Remember Andy Savage? He was the megachurch pastor from Memphis who sexually assaulted a 17-year-old girl two decades ago when he was her youth pastor. He finally admitted to the public what he had done after the victim went public with her story.
He didn’t admit everything, though. What he called a “sexual incident” was actually a case in which he drove the girl to a secluded area, whipped out his penis, and pressured her into giving him oral sex. Yet when he issued his “apology,” members of Highpoint Church gave him a standing ovation. It was an appalling moment — indicative of how low evangelicals have sunk during the #MeToo movement and the Trump era. Savage later announced a “leave of absence” from the church.
Things didn’t get much better after that. After Savage stepped down, Pastor Chris Conlee (below) blamed the critics, comparing them to the Devil. He told the congregation that the other side — I guess that refers to people against sexual assault — want the church to just disband. That wasn’t accurate. We wanted more accountability from church leaders. We wanted to know how Savage worked at Highpoint for so long when the other church leaders supposedly knew what had happened. We wanted an apology from the church leaders. Maybe a donation to a group working to prevent abuse and take care of victims. Or a sermon series about consent and power and sex, and how the idea of “purity” may have contributed to the problem.
We wanted to see some appreciation for the bloggers and social media critics and victim herself for holding Savage accountable.
You know. Meaningful things.
Earlier this month, the church received some more big news: Conlee was going to step down, too. He didn’t give a reason for the resignation other than there being a disagreement with the church trustees… but, frankly, it didn’t matter. He was complicit in the Savage story by defending him during the entire controversy. He supposedly knew what Savage had done but never said anything about it. So good riddance to the guy. (When a reporter reached out to him for comment, all he said was “Jesus. Honor. Gratitude.” Which I suppose is a list of things no one should ever think of when his name comes up.)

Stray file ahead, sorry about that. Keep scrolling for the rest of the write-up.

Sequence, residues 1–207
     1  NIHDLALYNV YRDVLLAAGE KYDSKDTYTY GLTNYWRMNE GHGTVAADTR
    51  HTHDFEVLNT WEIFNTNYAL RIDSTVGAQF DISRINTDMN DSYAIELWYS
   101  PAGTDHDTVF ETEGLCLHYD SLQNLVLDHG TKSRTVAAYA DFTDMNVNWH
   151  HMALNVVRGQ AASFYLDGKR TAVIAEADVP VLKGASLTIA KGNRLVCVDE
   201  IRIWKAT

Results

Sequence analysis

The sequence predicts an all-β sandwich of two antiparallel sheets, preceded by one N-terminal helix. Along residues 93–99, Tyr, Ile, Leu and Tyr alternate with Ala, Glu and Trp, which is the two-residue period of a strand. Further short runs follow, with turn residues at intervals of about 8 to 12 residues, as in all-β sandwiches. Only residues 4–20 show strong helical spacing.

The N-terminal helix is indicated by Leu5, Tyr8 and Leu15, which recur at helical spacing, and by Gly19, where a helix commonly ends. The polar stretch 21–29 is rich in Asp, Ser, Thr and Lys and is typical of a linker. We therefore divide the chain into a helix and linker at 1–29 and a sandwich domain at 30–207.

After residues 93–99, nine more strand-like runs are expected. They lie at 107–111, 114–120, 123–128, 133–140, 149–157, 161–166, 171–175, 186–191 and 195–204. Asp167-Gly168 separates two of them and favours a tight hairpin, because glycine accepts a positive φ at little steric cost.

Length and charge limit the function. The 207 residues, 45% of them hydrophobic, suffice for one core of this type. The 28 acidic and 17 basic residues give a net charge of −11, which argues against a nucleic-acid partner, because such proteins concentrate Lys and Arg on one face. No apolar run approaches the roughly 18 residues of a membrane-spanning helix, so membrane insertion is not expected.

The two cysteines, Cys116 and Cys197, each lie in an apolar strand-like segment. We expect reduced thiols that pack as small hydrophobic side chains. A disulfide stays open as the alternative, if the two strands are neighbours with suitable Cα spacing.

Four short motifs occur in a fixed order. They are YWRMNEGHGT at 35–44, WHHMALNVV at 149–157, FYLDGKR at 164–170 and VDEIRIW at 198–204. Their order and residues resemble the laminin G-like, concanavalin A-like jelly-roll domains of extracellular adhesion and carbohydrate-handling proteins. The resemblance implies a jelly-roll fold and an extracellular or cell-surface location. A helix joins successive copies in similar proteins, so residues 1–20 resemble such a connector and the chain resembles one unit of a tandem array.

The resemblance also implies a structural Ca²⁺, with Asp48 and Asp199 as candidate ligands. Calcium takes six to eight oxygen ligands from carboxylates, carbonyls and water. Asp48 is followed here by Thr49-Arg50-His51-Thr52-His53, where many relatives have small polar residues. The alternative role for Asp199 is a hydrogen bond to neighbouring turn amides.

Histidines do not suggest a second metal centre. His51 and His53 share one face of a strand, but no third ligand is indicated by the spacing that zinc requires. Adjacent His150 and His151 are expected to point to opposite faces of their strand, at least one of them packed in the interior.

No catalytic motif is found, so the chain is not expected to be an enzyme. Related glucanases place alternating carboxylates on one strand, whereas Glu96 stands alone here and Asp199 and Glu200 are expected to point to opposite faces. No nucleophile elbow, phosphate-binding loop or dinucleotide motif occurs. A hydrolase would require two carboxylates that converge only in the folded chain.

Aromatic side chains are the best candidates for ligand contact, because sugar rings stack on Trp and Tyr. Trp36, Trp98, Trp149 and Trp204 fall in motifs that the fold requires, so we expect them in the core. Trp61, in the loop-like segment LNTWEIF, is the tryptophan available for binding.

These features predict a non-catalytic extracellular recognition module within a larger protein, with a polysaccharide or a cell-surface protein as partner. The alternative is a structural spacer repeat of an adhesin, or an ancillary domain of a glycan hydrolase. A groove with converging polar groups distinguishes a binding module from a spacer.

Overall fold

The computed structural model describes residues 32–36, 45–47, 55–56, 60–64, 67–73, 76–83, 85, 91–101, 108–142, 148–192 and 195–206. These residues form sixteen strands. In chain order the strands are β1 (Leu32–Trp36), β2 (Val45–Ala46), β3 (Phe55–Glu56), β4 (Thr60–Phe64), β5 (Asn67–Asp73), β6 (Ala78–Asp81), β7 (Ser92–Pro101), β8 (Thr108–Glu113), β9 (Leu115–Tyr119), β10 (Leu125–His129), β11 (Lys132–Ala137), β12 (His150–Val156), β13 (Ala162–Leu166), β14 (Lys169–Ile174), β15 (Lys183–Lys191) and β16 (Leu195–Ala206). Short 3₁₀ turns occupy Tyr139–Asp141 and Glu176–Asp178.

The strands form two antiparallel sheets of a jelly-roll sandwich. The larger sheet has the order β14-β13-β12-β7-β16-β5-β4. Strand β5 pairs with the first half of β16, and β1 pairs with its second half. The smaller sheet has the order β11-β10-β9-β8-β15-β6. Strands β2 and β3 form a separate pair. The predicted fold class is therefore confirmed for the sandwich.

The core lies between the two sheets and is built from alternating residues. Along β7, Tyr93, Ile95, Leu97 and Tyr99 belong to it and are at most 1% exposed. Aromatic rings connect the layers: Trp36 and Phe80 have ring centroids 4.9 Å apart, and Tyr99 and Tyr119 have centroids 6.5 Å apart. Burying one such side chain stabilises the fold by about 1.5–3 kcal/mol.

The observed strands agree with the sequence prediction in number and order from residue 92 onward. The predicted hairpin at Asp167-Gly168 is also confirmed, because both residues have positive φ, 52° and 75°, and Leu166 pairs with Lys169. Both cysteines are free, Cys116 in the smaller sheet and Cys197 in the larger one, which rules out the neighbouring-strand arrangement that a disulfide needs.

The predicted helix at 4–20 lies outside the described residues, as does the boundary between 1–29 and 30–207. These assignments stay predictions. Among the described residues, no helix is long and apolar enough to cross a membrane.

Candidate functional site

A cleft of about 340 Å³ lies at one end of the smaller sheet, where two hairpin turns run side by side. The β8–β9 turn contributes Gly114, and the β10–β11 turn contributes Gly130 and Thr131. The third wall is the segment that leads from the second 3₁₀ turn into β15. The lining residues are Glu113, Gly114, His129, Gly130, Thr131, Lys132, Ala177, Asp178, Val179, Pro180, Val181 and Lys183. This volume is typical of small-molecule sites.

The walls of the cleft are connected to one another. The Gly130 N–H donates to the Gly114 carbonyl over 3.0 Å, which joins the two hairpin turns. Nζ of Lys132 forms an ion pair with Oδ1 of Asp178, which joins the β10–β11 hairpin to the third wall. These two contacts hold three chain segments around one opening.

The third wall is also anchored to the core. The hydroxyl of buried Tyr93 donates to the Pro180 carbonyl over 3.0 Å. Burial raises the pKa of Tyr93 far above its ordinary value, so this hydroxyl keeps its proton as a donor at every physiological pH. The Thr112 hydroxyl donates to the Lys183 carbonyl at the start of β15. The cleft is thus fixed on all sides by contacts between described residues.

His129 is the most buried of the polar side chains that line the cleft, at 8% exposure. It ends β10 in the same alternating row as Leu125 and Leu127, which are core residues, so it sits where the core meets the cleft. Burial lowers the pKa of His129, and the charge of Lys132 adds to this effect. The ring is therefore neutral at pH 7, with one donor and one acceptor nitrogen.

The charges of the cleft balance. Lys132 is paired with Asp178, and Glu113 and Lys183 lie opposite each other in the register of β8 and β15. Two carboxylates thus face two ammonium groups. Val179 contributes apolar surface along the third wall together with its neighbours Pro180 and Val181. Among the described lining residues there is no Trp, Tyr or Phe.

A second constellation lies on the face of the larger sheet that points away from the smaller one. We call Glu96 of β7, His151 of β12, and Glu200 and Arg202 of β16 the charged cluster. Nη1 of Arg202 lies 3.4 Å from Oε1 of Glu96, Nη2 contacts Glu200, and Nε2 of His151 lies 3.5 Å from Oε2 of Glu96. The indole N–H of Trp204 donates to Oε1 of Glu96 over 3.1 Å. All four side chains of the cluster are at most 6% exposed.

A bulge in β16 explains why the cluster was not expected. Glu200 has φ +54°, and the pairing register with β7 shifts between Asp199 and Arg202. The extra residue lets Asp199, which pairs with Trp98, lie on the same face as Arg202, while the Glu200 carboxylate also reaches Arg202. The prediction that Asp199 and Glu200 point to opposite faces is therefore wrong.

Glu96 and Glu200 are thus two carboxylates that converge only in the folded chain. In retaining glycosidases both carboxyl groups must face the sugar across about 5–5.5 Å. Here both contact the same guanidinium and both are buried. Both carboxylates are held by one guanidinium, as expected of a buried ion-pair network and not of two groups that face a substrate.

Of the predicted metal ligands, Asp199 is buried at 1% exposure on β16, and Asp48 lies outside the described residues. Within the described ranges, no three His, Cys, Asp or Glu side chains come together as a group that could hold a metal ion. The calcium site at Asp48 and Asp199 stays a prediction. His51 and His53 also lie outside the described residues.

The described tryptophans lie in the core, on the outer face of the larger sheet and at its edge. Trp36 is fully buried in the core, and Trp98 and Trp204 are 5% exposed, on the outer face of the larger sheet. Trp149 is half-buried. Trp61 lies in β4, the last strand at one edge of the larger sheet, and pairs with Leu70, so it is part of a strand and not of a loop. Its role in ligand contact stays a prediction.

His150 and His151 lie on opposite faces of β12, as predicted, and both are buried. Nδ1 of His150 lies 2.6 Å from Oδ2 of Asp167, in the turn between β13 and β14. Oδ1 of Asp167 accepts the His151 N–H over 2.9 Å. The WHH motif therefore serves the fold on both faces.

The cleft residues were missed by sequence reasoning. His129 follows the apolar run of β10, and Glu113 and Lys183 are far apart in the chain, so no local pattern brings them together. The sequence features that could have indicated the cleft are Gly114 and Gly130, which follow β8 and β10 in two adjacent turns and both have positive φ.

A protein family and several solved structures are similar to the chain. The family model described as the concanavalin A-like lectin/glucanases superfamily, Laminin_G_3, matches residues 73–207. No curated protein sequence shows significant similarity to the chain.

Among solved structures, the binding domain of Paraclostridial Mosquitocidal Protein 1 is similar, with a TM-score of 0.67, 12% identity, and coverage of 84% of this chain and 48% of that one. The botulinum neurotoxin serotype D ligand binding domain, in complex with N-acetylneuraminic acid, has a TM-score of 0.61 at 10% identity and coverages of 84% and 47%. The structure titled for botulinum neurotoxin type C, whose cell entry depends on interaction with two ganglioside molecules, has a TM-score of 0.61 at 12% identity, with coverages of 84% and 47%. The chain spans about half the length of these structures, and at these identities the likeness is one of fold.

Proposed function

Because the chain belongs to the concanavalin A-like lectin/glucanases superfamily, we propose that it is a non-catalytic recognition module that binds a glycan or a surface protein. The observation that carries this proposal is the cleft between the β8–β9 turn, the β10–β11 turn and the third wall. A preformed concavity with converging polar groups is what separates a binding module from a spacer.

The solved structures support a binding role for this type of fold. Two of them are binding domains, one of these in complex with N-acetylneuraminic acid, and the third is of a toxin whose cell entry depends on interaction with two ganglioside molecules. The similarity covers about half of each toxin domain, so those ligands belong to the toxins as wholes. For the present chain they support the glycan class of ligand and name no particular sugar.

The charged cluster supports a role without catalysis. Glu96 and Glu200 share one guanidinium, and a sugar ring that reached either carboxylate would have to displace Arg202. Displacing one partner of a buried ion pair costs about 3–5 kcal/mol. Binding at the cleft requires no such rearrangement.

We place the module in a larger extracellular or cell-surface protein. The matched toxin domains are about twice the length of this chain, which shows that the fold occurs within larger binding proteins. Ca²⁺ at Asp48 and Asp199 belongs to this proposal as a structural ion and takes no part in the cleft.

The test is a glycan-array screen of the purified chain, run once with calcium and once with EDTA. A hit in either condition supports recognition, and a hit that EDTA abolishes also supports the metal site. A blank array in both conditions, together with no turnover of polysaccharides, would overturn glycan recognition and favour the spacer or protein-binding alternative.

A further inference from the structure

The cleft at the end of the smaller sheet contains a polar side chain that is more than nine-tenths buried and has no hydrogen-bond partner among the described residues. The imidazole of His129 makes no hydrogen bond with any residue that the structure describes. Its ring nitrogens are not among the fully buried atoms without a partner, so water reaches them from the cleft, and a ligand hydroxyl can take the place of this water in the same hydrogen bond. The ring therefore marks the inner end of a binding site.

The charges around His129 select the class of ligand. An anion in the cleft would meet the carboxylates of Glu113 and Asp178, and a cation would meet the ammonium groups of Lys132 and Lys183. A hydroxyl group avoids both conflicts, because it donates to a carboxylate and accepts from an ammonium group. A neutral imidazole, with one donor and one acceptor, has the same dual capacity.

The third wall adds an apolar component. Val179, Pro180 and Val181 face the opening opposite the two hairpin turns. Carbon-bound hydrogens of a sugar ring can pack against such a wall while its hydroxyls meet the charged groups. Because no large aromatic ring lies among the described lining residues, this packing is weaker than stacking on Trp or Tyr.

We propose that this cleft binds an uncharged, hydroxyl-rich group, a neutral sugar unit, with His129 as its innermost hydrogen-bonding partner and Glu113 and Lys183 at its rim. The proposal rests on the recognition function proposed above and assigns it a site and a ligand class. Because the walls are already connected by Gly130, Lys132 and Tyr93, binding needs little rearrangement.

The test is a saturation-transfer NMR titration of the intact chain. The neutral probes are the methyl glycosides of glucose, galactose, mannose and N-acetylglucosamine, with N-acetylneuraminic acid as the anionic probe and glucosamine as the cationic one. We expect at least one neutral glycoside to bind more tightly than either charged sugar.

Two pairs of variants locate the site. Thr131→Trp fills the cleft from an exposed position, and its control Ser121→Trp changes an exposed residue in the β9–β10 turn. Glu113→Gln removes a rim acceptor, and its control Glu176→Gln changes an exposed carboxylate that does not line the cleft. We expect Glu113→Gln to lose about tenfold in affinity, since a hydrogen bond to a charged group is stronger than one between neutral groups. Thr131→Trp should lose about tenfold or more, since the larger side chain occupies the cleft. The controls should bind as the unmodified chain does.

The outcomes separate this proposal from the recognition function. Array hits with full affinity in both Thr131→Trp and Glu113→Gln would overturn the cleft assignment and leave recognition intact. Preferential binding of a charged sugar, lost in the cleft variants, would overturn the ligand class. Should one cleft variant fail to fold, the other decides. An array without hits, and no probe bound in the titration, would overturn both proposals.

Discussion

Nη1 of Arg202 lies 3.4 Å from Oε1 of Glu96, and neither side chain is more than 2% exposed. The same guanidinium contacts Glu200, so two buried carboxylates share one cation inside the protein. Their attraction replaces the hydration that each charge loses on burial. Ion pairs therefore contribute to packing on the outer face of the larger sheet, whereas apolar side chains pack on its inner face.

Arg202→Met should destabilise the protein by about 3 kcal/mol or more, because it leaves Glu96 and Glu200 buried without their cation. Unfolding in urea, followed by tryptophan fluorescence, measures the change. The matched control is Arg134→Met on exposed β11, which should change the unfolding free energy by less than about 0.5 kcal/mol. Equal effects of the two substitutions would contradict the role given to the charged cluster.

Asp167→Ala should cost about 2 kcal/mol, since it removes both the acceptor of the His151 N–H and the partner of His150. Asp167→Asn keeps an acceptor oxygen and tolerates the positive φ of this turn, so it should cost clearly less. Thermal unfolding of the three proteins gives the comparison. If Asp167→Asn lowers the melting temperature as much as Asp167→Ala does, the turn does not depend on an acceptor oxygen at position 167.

Now, some of them are angry for a different reason. They want to know why Conlee resigned out of nowhere and they’re blaming the church’s trustees for pushing him out.
The church held a special session for members and trustees last Tuesday to try and sort through some of this. However, the “family meeting” didn’t go well, in part because the leaders didn’t address the multiple elephants in the room. Why did Conlee resign? What were the differences of opinions they had? How were they addressing the abuse problem?
And most importantly: Why weren’t the congregation’s questions being answered in a public, transparent way?
Just listen to the audio of the event near the 40:30 mark, when the crowd revolts against the idea of speaking with the trustees in private and just starts yelling out questions. It’s a completely shit-show.
This is about internal church drama more than anything — which would mean it’s really no one else’s business — but that drama exists in part because of a lack of transparency with members and a desire to move past the issue of abuse before ever truly reconciling with their mistakes. That’s why it’s a story that goes well beyond the church walls.
Jules Woodson, the woman whose revelation about Savage sent this church spiraling, said Conlee’s resignation was a start, but the church still had a long way to go:
I think Chris Conlee’s resignation was a necessary step and I’m grateful he is no longer in the pulpit for now though I am confused as to why it took 6 months for Highpoint to realize this. I also feel that the leaders missed an important opportunity yesterday to affirm to the world that in moving forward, they will be a church that no longer tolerates abuse and will become a safe and supportive place for all victims. Instead, they were vague about the resignation in the official statement they released and told reporters who reached out that they were not commenting.
A new pastor isn’t going to solve everything. And it doesn’t look like the trustees care enough to address their own faults. There’s even less of a reason today for any decent Christian to be involved with that church. What we don’t know is whether they’ll be brave enough to leave a church that had comforted them for so long but has done so much damage to so many others.
(Portions of this article were published earlier)